The preceding code may be difficult to understand if you’re writing a blade template for the first time, so we’ll try to examine it. You see a foreach loop in the file. This statement loops our todo records.

We will provide you with more knowledge about it when we are creating our controller in this article.

If and else statements are used for separating finished and waiting tasks. We use if and else statements for styling the tasks.

We need one more template file for appending new records to the task list on the fly. Create a file with the name ajaxData.blade.php under app/views/ folder. The file contains the following code:

@foreach($todos as $todo) <li id="{{$todo->id}}"><a href="#" onClick="task_done('{{$todo- >id}}');" class="toggle"></a> <span id="span_{{$todo >id}}">{{$todo->title}}</span> <a href="#" onClick="delete_task('{{$todo->id}}');" class="icon delete">Delete</a> <a href="#" onClick="edit_task('{{$todo >id}}','{{$todo->title}}');" class="icon-edit">Edit</a></li> @endforeach

Also, you see the /assets/ directory in the source path of static files. When you look at the app/views directory, there is no directory named assets. Laravel separates the system and public files. Public accessible files stay under your public folder in root. So you should create a directory under your public folder for asset files.

We recommend working with these types of organized folders for developing tidy and easy-to-read code. Finally you see that we are calling jQuery from its main website. We also recommend this way for getting the latest, stable jQuery in your application.

You can style your application as you wish, hence we’ll not examine styling code here. We are putting our style.css files under /public/assets/css/.

For performing Ajax requests, we need JavaScript coding. This code posts our add_task and edit_task forms and updates them when our tasks are completed. Let’s create a JavaScript file with the name todo.js in /public/assets/js/. The files contain the following code:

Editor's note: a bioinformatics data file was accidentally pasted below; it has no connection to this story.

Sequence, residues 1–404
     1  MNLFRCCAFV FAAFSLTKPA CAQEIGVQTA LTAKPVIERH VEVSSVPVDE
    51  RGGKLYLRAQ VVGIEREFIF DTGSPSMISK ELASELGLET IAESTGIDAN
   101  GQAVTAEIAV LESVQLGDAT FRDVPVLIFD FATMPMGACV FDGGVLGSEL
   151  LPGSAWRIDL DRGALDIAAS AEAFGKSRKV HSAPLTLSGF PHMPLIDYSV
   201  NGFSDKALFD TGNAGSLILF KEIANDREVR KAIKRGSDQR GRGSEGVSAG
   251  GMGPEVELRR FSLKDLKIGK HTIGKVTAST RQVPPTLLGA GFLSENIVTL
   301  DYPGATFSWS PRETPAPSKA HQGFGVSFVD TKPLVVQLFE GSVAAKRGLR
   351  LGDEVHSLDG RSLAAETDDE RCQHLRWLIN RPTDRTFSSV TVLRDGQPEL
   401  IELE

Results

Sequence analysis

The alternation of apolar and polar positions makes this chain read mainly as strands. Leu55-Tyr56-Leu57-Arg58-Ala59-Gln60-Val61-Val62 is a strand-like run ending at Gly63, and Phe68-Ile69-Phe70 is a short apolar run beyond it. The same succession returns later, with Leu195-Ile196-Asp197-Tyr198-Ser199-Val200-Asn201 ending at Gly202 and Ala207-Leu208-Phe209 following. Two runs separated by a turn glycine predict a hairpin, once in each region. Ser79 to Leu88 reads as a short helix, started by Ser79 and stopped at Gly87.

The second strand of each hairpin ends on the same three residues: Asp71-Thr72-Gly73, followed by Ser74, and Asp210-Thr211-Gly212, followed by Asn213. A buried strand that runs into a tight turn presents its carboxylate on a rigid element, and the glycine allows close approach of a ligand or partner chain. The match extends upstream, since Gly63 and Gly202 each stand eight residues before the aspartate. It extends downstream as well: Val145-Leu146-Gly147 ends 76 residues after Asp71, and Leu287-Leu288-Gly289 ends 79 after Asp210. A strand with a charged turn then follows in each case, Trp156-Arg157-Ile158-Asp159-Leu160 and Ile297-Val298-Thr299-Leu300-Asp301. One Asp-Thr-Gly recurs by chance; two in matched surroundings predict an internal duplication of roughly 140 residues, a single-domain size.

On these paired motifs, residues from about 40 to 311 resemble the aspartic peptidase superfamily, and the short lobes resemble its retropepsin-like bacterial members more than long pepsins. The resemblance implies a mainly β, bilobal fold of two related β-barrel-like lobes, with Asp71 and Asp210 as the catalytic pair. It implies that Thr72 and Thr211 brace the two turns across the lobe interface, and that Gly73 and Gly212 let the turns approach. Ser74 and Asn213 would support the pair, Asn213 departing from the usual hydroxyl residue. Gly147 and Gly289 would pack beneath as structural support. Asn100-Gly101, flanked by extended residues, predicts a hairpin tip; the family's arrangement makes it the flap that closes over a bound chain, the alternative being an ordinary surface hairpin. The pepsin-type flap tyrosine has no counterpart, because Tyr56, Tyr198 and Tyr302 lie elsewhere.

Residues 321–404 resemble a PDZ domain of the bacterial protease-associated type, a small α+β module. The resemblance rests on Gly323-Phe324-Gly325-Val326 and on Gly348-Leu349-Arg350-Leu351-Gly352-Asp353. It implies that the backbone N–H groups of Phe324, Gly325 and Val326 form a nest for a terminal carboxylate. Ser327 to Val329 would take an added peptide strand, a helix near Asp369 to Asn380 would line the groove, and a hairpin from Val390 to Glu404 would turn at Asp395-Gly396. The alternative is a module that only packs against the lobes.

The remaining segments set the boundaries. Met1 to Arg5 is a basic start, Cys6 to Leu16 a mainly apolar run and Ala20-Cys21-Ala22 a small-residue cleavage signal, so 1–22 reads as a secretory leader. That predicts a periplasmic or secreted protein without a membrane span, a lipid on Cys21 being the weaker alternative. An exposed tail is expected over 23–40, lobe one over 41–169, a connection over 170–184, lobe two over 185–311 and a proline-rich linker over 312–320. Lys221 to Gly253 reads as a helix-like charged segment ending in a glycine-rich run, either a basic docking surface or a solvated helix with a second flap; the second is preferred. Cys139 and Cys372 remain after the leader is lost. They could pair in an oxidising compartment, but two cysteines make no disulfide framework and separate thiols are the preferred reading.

function task_done(id){ $.get("/done/"+id, function(data) { if(data=="OK"){ $("#"+id).addClass("done"); } }); } function delete_task(id){ $.get("/delete/"+id, function(data) { if(data=="OK"){ var target = $("#"+id); target.hide('slow', function(){ target.remove(); }); } }); } function show_form(form_id){ $("form").hide(); $('#'+form_id).show("slow"); } function edit_task(id,title){ $("#edit_task_id").val(id); $("#edit_task_title").val(title); show_form('edit_task'); } $('#add_task').submit(function(event) { /* stop form from submitting normally */ event.preventDefault(); var title = $('#task_title').val(); if(title){ //ajax post the form $.post("/add", {title: title}).done(function(data) { $('#add_task').hide("slow"); $("#task_list").append(data); }); } else{ alert("Please give a title to task"); } }); $('#edit_task').submit(function() { /* stop form from submitting normally */ event.preventDefault(); var task_id = $('#edit_task_id').val(); var title = $('#edit_task_title').val(); var current_title = $("#span_"+task_id).text(); var new_title = current_title.replace(current_title, title); if(title){ //ajax post the form $.post("/update/"+task_id, {title: title}).done(function(data) { $('#edit_task').hide("slow"); $("#span_"+task_id).text(new_title); }); } else{ alert("Please give a title to task"); } });

Let’s examine the JavaScript file.